What Does Chemo Feel Like?

Chemotherapy can cause fatigue, loss of appetite, nausea, bowel issues such as constipation or diarrhoea, hair loss, mouth sores, skin and nail problems.

You may have trouble concentrating or remembering things.

There can also be nerve and muscle effects and hearing changes.

How many days after chemo do you feel better?

Acute nausea and vomiting usually happens a few minutes to hours after chemo is given. It goes away within the first 24 hours. The worst of this acute vomiting most often happens about 5 or 6 hours after chemo. Delayed nausea and vomiting starts more than 24 hours after chemo and up to 5 to 7 days after treatment.

Is chemotherapy painful?

Some chemotherapy drugs can cause painful side effects, such as aching in the muscles and joints, headaches and stomach pains. Pain may be felt as burning, numbness, tingling or shooting pains in the hands and feet (called peripheral nerve damage).

Do the side effects of chemo get worse with each treatment?

Q: Do chemo side effects get worse with each treatment? A: Some people undergoing chemotherapy report that they feel more fatigue the further along they get in their regimen. Nerve damage can occur with chemotherapy, and this may get worse with each dose. Sometimes, treatment has to be stopped because of this.

How do you feel after first chemo treatment?

The day after your first treatment you may feel tired or very fatigued. Plan on resting, as this gives your body the chance to respond to the chemotherapy, and begin the recovery cycle. Remember that chemo affects every cell in your body. Stay well-hydrated by drinking lots of water or juice.

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What is chemo belly?

Bloating can also be caused by slowed movement of food through the G.I. (gastrointestinal tract or digestive tract) tract due to gastric surgery, chemotherapy (also called chemo belly), radiation therapy or medications.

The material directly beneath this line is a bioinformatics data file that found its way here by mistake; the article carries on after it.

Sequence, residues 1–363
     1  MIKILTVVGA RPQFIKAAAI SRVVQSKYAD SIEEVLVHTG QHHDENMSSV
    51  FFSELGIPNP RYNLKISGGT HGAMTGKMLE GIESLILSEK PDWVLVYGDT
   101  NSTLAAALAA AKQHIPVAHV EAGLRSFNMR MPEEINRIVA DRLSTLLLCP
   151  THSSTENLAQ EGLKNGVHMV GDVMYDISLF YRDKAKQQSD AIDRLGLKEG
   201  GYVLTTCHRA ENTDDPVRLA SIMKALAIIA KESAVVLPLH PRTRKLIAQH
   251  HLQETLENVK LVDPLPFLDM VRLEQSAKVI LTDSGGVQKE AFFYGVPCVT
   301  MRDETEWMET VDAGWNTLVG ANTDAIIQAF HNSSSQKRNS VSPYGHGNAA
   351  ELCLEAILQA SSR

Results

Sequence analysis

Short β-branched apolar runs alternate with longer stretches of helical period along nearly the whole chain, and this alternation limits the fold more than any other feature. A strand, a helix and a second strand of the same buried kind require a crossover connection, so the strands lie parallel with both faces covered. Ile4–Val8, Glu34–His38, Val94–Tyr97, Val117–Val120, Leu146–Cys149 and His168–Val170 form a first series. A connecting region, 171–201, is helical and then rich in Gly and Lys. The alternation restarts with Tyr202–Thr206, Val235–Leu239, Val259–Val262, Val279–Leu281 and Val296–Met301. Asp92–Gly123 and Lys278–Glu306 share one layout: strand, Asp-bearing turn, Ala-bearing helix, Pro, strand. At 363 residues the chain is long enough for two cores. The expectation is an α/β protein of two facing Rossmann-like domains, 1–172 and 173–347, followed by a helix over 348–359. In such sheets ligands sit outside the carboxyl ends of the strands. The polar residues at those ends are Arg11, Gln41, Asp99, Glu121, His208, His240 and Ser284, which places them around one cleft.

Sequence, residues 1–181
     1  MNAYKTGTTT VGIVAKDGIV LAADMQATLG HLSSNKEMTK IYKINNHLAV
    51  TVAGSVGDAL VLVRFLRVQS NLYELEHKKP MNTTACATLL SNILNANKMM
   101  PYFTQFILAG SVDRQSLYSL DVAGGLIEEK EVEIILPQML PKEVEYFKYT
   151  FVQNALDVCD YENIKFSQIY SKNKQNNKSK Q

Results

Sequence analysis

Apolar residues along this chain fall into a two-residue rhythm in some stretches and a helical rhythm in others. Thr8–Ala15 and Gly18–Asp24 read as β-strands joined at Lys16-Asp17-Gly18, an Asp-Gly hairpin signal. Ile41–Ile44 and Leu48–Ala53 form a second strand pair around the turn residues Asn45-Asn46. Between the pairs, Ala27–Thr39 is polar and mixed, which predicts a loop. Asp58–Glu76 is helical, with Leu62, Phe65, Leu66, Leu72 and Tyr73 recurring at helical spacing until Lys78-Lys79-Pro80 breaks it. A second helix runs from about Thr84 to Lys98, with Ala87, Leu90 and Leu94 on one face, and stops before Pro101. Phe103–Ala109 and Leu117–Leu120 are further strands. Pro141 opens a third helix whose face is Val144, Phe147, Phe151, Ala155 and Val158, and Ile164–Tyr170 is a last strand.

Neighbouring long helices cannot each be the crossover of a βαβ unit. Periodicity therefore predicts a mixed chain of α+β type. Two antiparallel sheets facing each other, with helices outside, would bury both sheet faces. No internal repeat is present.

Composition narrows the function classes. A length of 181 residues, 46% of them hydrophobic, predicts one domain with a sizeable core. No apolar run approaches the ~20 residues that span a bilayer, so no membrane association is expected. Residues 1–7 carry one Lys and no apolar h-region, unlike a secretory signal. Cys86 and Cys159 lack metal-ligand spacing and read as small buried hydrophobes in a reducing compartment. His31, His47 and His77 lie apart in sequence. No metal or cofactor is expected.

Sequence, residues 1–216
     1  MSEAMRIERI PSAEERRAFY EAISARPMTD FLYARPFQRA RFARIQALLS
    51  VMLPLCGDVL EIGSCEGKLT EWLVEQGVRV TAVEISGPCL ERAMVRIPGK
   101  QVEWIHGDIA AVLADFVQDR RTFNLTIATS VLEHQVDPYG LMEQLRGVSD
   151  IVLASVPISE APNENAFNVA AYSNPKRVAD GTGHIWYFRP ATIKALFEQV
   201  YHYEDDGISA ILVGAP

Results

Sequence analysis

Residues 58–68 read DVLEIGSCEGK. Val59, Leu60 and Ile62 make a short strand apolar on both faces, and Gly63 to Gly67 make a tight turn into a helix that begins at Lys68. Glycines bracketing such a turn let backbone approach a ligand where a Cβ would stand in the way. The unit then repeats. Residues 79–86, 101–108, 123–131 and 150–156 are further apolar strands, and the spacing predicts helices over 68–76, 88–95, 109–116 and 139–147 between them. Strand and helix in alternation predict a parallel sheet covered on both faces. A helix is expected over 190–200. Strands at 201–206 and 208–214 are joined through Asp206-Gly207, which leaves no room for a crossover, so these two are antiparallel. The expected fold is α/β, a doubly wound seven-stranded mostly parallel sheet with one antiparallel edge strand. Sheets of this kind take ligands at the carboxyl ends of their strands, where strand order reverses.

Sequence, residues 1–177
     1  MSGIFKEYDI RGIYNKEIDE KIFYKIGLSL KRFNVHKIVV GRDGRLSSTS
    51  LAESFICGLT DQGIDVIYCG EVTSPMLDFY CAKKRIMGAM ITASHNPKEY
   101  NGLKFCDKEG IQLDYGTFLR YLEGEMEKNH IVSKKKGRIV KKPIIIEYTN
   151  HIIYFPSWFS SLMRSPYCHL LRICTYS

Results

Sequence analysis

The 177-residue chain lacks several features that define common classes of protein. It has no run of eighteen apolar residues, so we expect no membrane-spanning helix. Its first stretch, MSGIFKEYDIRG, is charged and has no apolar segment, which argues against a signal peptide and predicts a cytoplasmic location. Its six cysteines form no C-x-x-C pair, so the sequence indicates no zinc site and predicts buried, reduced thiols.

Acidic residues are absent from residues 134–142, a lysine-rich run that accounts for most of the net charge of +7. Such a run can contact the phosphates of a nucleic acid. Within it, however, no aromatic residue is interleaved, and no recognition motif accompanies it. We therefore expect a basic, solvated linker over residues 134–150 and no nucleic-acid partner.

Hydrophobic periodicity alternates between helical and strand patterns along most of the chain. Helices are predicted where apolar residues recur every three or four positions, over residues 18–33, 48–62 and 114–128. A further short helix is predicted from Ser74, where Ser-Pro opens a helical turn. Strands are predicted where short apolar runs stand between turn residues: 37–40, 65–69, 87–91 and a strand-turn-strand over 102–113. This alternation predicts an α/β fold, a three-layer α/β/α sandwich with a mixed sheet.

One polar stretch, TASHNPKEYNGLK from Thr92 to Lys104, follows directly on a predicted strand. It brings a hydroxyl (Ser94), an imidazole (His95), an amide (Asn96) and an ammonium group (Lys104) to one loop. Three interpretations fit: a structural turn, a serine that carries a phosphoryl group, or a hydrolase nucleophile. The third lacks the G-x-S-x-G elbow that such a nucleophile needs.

Do you ever fully recover from chemotherapy?

It is your last chemotherapy infusion or radiation treatment. The rule of thumb I usually tell my patients is that it takes about two months of recovery time for every one month of treatment before energy will return to a baseline. Everyone is different but at least this gives you a ballpark.

Can you drive while having chemotherapy?

Have a friend or family member drive you to your first treatment. Most people can drive themselves to and from chemotherapy sessions. But the first time you may find that the medications make you sleepy or cause other side effects that make driving difficult.

Can you eat ice cream during chemo?

Eat high calorie foods: milkshakes, ice cream, sauces, Carnation Instant Breakfast, Ensure, and Boost. Stay away from fatty, fried, and greasy foods. Your appetite will come back in 2-6 weeks after your chemotherapy is over.

Does Chemo make you gain weight?

Chemotherapy may directly or indirectly cause weight gain or weight loss. Slight fluctuations (a few pounds) in your weight, after chemotherapy, either up or down, are not dangerous. However, significant chemotherapy weight loss or weight gain may affect your health and/or your ability to tolerate your treatments.

How do you know if chemo is working?

How do you know if chemotherapy is working to treat your cancer? Your oncologist will watch your body’s response during and after chemotherapy. She’ll use tests like physical exams, blood tests, or imaging scans like X-rays to determine if your tumor is shrinking or growing.

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How long can chemo prolong life?

The Median Duration of Response tells you how long your cancer can be expected to respond to the chemotherapy, before the cancer starts growing again. For most cancers where palliative chemotherapy is used, this number ranges from 3-12 months. The longer the response, the longer you can expect to live.

Is it harmful to take a break from chemotherapy?

Just because you and your oncologist agree you may need to delay or alter your chemotherapy or radiation schedule, it does not mean you need to take a break from all treatment. Symptom and pain management related to the cancer can still be treated, even if you are not actively receiving anti-cancer therapies.